a related issue is selecting cells with small ripple effects that still produce useful results

in contrast, given a swordfish or x-cycle or xy-cycle, the structure of the
entity determines the affected cells and values
basically the guesswork or conditional logic (if this cell has this value then that cell ...)
is a property of the structure itself
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Postby daj95376 » Tue May 16, 2006 4:59 am

Another inappropriate post.
Last edited by daj95376 on Wed Jun 07, 2006 3:35 am, edited 1 time in total.
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Postby ravel » Tue May 16, 2006 8:41 am

Karlson wrote:Are these guessing/brute force - steps or very long chains? Would be nice to see the log for these implications.

My solvers output is not in a form, that i could post it here. But as an example my first step for #2 can be written this way (i left out some unnecessary steps and finished with an earlier contradiction than the solver found). It starts from this situation (after basics and the UR type 3 in r56c19 plus 49 in r4c3)

Code: Select all
249   23469   8     |  79     147    1349   |  479   5      14679     
7     49      5     |  6      2      149    |  8     3      149       
1     3469    469   |  5789   478    3459   |  2     469    4679       
-----------------------------------------------------------------
3     78      49    |  1      5      2      |  6     489    479       
259   1258    12    |  4      6      7      |  3     189    25         
245   12567   126   |  3      9      8      |  47    14     25         
-----------------------------------------------------------------
2459  12459   3     |  2589   148    14569  |  49    7      4689       
6     459     7     |  589    3      459    |  1     2      489       
8     1249    1249  |  279    147    1469   |  5     469    3         


r1c1=4 (=> r1c7<>4)
r1c1=4 => r4c3=4
r1c1=4 => r2c2=9 => r3c3=6 => r6c3=12 => r5c1=5 => r5c2=8 => r4c8=8
r5c2=8 => r4c2=7 => r6c7=7 (=> r6c7<>4) => r6c8=4 => r5c8=1 => r4c9=9
r3c3=6 => r1c9=6 => r9c8=6 => r7c7=9 => (r7c7<>4)
no 4 in column 7

The other 2 steps are even longer, but they lead to a contradiction in basically the same way.


ronk wrote:If so, even though you could write multiple implication chains to express the contradition, it still seems like "guessing".

I thought, this discussion is eaten this forum. My opinion is simple:

Guessing means, that you set or eliminate a number without proof.
If you "try" a number and show that it leads to a contradiction, you have a proof, that it can be eliminated.

The process of proving this way is about the same as after guessing.
Hard puzzles cannot be solved without some similar process of trying, if some advanced technique is applicable.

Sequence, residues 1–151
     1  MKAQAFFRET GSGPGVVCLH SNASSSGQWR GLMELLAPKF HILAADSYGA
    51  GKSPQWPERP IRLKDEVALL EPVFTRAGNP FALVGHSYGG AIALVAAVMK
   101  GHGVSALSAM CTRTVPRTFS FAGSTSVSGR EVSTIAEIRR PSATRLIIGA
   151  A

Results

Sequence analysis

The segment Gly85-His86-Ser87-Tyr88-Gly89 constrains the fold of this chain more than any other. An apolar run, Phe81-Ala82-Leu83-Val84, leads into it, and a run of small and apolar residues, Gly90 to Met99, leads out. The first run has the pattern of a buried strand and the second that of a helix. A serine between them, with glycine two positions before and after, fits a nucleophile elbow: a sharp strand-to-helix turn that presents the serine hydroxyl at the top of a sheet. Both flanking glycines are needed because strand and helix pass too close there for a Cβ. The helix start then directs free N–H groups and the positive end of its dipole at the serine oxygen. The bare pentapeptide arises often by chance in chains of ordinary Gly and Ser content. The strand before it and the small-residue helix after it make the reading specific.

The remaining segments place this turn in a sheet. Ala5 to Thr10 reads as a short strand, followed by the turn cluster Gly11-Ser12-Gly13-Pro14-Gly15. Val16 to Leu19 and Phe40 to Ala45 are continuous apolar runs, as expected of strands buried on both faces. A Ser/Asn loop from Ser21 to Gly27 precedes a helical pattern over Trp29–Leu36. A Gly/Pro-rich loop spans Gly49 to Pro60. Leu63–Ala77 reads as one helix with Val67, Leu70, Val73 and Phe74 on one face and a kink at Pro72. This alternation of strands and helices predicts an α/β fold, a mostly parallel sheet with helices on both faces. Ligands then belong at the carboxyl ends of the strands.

Chains like the one from my solver output above are proofs (if i did not make a mistake), but no one is interested in them, because they are not elegant and too long. But the ultra tough puzzles in the moment seem to be not solvable without such long deductions.
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Postby gsf » Tue May 16, 2006 1:57 pm

daj95376 wrote:Okay, I'm up for a good argument -- even when I'm pretty sure that I'm wrong.

there's plenty of wiggle room in this one
daj95376 wrote:Remote Pairs is an accepted technique that involves selecting a cell with two candidates and chaining through identical cells to see if an elimination can be performed on a cell outside the chain. Elimination can only occur at points where the chain has an even number of cells in it.

Now, go ahead and explain to me how anyone starting such a chain has any guarantee that it's going to include an even number of cells AND an elimination is going to occur from it. This process is just as likely to return a contradiction or don't-know-yet state as my BFE.

remote pairs are handled by xy-cycles in my solver
so they fall out of the cycle code and are never identified as remote pairs

but you make a good point that there is a distinction for human solvers --
time spent on unproductive long chains is time wasted
and to be fair there may be some cycles ithat do not progress the solution

it turns out that sudoku lends itself to efficient global (breadth-first-like) cycle detection
unlike depth first search, which essentially makes a guess at the first cycle vertex
the global search just crunches and the cycles fall out

I guess my point is that "this cycle implies ..." is more satisfactory than
"this cell with this value implies ...", the former holds the possibility of
neat algorithms / pattern recognition, the latter offers brute force
daj95376 wrote:PS: Thanks for posting a great backtracking solver to the Sudoku Programmers' Forum!!!:)

you're welcome